Table 1 Relationship between Beige Book Indexes and Real GDP Growth Rate Balke & Petersen Our Index Our Index 5/83-12/96 5/83-12/96 5/83-12/01 (1) (2) (3) Beige Book index 3.992 ** 4.255 ** 3.750 ** (0.431) (0.385) (0.346) Constant 0.887 ** 0.828 ** 0.987 ** (0.286) (0.247) (0.225) Adj. [R.sup.2] 0.456 0.502 0.451 N 108 108 149 Note: Shown are coefficients (standard errors) from OLS regressions with the current-quarter real GDP growth rate as the dependent variable. Standard errors are White-corrected for heteroscedasticity. ([dagger]) p < 0.10; * p < 0.05; ** p < 0.01 Table 2 Descriptive Statistics for Beige Book Index 5/83-12/01 Expansions Recessions Mean 0.659 0.746 -0.333 Standard deviation 0.456 0.349 0.347 Number of observations 149 137 12 Correlation with: Treasury 3-month yield 0.117 -0.021 -0.317 Treasury 1-year yield 0.198 0.006 -0.380 Treasury 2-year yield 0.214 0.068 -0.070 Treasury 5-year yield 0.193 0.101 -0.032 Treasury 10-year yield 0.217 0.106 0.061 Value-weighted equity index 0.106 0.116 -0.525 Table 3 Relationship between Beige Book Index and Change in Financial Instruments 3-month 1-year (1) (2) Beige Book index 0.318 0.463 ([dagger]) (0.341) (0.244) Beige Book released -0.220 -0.330 (0.308) (0.221) Monday 0.484 ** 0.279 ** (0.056) (0.055) Tuesday -0.009 0.032 (0.051) (0.055) Wednesday -0.254 ** -0.044 (0.050) (0.055) Thursday -0.097 ([dagger]) 0.067 (0.050) (0.058) Constant -0.046 -0.088 * (0.038) (0.044) Adj. [R.sup.2] 0.046 0.010 N 4790 4790 2-year 5-year (3) (4) Beige Book index 0.468 * 0.354 * (0.210) (0.151) Beige Book released -0.335 ([dagger]) -0.254 ([dagger]) (0.188) (0.133) Monday 0.130 * 0.074 (0.056) (0.050) Tuesday -0.061 -0.099 ([dagger]) (0.057) (0.051) Wednesday -0.047 -0.058 (0.057) (0.051) Thursday -0.010 -0.037 (0.059) (0.053) Constant -0.019 0.011 (0.045) (0.040) Adj. [R.sup.2] 0.004 0.004 N 4790 4790 10-year Equities (5) (6) Beige Book index 0.381 * 0.230 (0.170) (0.189) Beige Book released -0.302 * -0.101 (0.138) (0.127) Monday 0.051 -0.062 (0.045) (0.049) Tuesday -0.081 ([dagger]) -0.003 (0.045) (0.043) Wednesday -0.033 0.012 (0.045) (0.041) Thursday -0.037 -0.013 (0.046) (0.043) Constant 0.009 0.053 (0.035) (0.031) Adj. [R.sup.2] 0.003 0.001 N 4790 4717 Note: Shown are coefficients (standard errors) for regressions with the daily percentage change in the indicated variable as the dependent variable. Standard errors are White-corrected for heteroscedasticity. ([dagger]) p < 0.10; * p < 0.05; ** p < 0.01 Table 4 Relationship between Beige Book Index and Change in Financial Instruments, by Beige Book Direction 3-month 1-year 2-year (1) (2) (3) Positive Beige Book 0.081 0.078 0.072 (0.085) (0.078) (0.078) Neutral Beige Book -0.083 -0.126 -0.053 (0.238) (0.279) (0.420) Negative Beige Book -1.132 -1.269 ([dagger]) -1.243 * (1.068) (0.675) (0.531) Adj. [R.sup.2] 0.048 0.012 0.006 N 4790 4790 4790 5-year 10-year Equities (4) (5) (6) Positive Beige Book 0.049 0.012 0.057 (0.072) (0.068) (0.086) Neutral Beige Book -0.078 -0.161 0.067 (0.568) (0.398) (0.116) Negative Beige Book -0.854 ** -0.780 * -0.035 (0.299) (0.341) (0.303) Adj. [R.sup.2] 0.005 0.004 0.001 N 4790 4790 4717 Note: Shown are coefficients (standard errors) for regressions with the daily percentage change in the indicated variable as the dependent variable. Regressions also include four day of the week fixed effects. Standard errors are White-corrected for heteroscedasticity. ([dagger]) p < 0.10; * p < 0.05; ** p < 0.01 Table 5 Relationship between Beige Book Index and Change in Financial Instruments, by Business Cycle 3-month 1-year 2-year (1) (2) (3) Beige Book index x 0.405 0.493 0.378 ([dagger]) Expansion (0.393) (0.323) (0.221) Beige Book index x -0.717 -0.060 0.812 Recession (0.562) (0.767) (0.684) Expansion -0.026 -0.075 -0.016 (0.038) (0.045) (0.045) Recession -0.300 ** -0.244 ** -0.057 (0.080) (0.097) (0.100) Adj. [R.sup.2] 0.050 0.013 0.005 N 4790 4790 4790 5-year 10-year (4) (5) Beige Book index x 0.337 ([dagger]) 0.322 ([dagger]) Expansion (0.191) (0.170) Beige Book index x 0.500 0.763 Recession (0.450) (0.548) Expansion 0.009 0.005 (0.040) (0.035) Recession 0.035 0.047 (0.081) (0.069) Adj. [R.sup.2] 0.004 0.004 N 4790 4790 Equities (6) Beige Book index x 0.459 * Expansion (0.218) Beige Book index x -0.911 ([dagger]) Recession (0.488) Expansion 0.054 ([dagger]) (0.031) Recession 0.038 (0.068) Adj. [R.sup.2] 0.004 N 4717 Note: Shown are coefficients (standard errors) for regressions with the daily percentage change in the indicated variable as the dependent variable. Regressions also include an indicator variable for days when the Beige Book was released and four day of the week fixed effects. Standard errors are White-corrected for heteroscedasticity. [dagger]) p < 0.10; * p < 0.05; ** p < 0.01 Table 6 Relationship between Beige Book Index and Change in Financial Instruments, 1994-2001 3-month 1-year 2-year (1) (2) (3) Beige Book index 1.146 1.123 * 1.009 * (0.813) (0.557) (0.451) Beige Book released -1.017 -1.126 * -0.953 * (0.812) (0.563) (0.460) Adj. [R.sup.2] 0.094 0.018 0.007 Beige Book index x 1.181 1.274 * 0.725 ([dagger]) Expansion (0.817) (0.639) (0.386) Beige Book index x -0.576 -0.839 2.961 Recession (1.519) (2.393) (2.247) Expansion -0.003 -0.043 0.005 (0.055) (0.058) (0.074) Recession -0.390 ** -0.271 -0.027 (0.132) (0.166) (0.177) Adj. [R.sup.2] 0.102 0.021 0.008 N 1970 1970 1970 5-year 10-year Equities (4) (5) (6) Beige Book index 0.742 ** 0.715 * 0.637 ** (0.273) (0.353) (0.248) Beige Book released -0.702 * -0.757 * -0.508 (0.281) (0.335) (0.217) Adj. [R.sup.2] 0.006 0.007 0.003 Beige Book index x 0.666 * 0.629 ** 0.684 * Expansion (0.299) (0.246) (0.342) Beige Book index x 1.517 1.640 0.231 Recession (1.433) (2.281) (1.312) Expansion 0.040 0.034 0.075 (0.067) (0.058) (0.055) Recession 0.098 0.112 0.060 (0.140) (0.116) (0.105) Adj. [R.sup.2] 0.006 0.007 0.005 N 1970 1970 1991 Note: The regressions include data for February 4, 1994, through December 31, 2001. Shown are coefficients (standard errors) for regressions with the daily percentage change in the indicated variable as the dependent variable. Regressions also include an indicator variable for days when the Beige Book was released and four day of the week fixed effects. Standard errors are White-corrected for heteroscedasticity. ([dagger]) p < 0.10; * p < 0.05; ** p < 0.01 Table 7 Relationship between Beige Book Index, Macroeconomic Data Releases, and Change in Financial Instruments 3-month 1-year (1) (2) Beige Book index 0.309 0.455 ([dagger]) (0.340) (0.240) Unemployment rate -2.674 ** -3.403 ** (0.758) (0.787) Industrial production 1.289 ** 1.211 ** (0.461) (0.390) CPI 1.490 * 2.236 ** (0.623) (0.674) GDP 0.173 ([dagger]) 0.317 * (0.101) (0.134) Adj. [R.sup.2] 0.059 0.031 N 4790 4790 2-year 5-year 10-year Equities (3) (4) (5) (6) Beige Book index 0.460 * 0.351 * 0.380 * 0.219 (0.208) (0.145) (0.165) (0.187) Unemployment rate -3.213 ** -2.477 ** -1.768 ** 0.444 (0.670) (0.611) (0.524) (0.424) Industrial production 1.125 ** 1.022 ** 0.761 ** 0.102 (0.360) (0.305) (0.260) (0.219) CPI 1.936 ** 1.848 ** 1.503 * -1.688 * (0.707) (0.674) (0.621) (0.679) GDP 0.308 * 0.203 0.135 -0.014 (0.139) (0.138) (0.120) (0.099) Adj. [R.sup.2] 0.022 0.019 0.014 0.004 N 4790 4790 4790 4717 Note: Shown are coefficients (standard errors) for regressions with the daily percentage change in the indicated variable as the dependent variable. The non-Beige Book data releases are the difference between the actual release and the median forecast, as reported by MMS. Regressions also include four day of the week fixed effects and dummy variables indicating release days of each of the series. Standard errors are White-corrected for heteroscedasticity. ([dagger]) p < 0.10; * p < 0.05; ** p < 0.01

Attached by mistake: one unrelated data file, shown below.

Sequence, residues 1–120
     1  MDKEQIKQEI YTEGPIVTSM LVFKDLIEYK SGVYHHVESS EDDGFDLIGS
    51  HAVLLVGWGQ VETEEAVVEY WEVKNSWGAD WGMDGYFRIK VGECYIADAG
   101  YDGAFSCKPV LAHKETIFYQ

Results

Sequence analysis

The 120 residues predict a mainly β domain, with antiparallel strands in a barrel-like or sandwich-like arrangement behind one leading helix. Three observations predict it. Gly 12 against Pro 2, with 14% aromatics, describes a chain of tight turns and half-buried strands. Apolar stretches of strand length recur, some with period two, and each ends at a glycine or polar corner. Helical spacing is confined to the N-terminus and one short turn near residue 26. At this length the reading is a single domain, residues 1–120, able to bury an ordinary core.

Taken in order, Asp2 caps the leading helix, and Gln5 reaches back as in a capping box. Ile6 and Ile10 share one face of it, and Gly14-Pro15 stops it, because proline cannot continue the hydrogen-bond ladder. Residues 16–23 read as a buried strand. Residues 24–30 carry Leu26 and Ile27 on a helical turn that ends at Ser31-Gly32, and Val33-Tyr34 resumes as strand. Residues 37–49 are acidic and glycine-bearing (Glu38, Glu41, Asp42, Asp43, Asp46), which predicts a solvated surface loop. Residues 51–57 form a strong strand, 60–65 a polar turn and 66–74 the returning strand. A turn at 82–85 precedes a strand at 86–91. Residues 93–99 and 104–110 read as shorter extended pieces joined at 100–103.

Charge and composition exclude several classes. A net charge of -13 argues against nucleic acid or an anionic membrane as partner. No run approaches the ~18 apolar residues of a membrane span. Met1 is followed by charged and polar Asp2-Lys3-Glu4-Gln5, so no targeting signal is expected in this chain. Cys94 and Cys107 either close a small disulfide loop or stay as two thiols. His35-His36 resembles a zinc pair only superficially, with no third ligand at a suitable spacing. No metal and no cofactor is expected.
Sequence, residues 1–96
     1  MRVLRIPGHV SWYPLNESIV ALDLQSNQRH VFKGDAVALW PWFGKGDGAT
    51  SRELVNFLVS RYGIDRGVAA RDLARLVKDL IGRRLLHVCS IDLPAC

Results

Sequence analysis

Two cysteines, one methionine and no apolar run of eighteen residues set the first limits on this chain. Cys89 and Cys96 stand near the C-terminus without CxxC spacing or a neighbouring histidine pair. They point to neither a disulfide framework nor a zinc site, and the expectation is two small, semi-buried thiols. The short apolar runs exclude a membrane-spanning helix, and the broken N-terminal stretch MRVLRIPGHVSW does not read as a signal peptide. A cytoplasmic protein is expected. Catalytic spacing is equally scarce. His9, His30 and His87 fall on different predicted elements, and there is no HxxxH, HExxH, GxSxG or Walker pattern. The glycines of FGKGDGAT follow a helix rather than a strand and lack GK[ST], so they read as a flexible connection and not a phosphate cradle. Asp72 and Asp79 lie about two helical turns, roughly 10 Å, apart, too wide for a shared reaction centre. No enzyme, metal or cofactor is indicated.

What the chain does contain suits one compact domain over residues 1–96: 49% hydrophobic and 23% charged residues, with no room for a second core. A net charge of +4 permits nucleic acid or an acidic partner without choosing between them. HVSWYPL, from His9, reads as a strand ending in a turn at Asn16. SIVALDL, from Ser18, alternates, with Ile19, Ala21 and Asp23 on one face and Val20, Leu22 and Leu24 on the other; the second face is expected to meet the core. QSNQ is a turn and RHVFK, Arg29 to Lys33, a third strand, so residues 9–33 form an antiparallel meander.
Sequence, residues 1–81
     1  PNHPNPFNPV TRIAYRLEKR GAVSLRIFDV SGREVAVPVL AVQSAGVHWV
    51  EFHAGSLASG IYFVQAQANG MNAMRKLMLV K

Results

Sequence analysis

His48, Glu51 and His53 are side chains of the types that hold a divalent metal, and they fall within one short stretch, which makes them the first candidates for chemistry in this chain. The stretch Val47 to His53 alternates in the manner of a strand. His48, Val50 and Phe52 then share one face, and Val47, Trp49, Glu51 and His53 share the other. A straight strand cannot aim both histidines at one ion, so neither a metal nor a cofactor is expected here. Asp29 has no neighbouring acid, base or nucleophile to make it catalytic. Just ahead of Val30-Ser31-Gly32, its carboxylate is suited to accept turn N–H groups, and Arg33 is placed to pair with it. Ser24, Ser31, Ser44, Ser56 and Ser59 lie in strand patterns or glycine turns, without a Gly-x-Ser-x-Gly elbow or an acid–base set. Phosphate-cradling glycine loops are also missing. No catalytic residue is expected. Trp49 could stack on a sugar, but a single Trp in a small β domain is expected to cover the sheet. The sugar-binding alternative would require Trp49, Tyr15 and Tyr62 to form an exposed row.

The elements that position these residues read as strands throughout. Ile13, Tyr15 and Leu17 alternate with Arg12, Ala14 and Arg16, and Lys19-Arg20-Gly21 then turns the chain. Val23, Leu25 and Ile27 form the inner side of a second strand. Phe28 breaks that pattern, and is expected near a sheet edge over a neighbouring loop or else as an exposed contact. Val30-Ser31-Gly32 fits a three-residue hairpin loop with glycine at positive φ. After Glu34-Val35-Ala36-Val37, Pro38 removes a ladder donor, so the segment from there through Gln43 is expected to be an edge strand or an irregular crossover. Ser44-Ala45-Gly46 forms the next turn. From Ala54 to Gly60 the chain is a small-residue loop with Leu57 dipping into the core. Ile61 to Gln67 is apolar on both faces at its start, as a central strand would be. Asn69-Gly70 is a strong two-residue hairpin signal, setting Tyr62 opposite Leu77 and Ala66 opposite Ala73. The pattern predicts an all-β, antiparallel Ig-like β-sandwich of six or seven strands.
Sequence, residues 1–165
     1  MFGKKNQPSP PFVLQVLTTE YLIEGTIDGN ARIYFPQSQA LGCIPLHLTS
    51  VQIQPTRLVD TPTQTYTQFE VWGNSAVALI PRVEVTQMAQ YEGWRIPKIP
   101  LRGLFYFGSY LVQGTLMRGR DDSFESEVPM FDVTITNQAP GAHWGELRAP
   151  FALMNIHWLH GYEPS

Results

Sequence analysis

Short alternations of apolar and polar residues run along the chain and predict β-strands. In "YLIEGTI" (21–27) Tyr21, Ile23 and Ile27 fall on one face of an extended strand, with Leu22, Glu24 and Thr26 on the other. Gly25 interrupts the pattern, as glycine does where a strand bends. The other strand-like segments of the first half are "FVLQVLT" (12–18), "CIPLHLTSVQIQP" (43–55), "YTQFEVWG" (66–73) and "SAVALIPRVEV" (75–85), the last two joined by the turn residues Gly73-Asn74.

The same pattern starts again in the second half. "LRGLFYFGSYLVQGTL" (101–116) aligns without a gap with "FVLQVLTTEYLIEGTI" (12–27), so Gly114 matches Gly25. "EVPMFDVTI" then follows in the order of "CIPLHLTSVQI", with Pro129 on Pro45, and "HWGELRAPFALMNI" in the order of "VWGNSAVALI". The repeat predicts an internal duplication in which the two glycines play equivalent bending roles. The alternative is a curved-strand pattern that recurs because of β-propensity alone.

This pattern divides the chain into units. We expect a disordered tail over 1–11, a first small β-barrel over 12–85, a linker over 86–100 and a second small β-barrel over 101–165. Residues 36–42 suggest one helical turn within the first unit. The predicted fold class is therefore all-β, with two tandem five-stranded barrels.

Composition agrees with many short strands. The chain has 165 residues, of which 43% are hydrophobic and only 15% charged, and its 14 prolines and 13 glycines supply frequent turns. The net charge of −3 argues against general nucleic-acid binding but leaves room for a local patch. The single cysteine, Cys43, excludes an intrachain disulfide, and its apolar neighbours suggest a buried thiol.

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|Author:||Zavodny, Madeline; Ginther, Donna K.|
|Publication:||Federal Reserve Bank of Atlanta, Working Paper Series|
|Date:||Jan 20, 2003|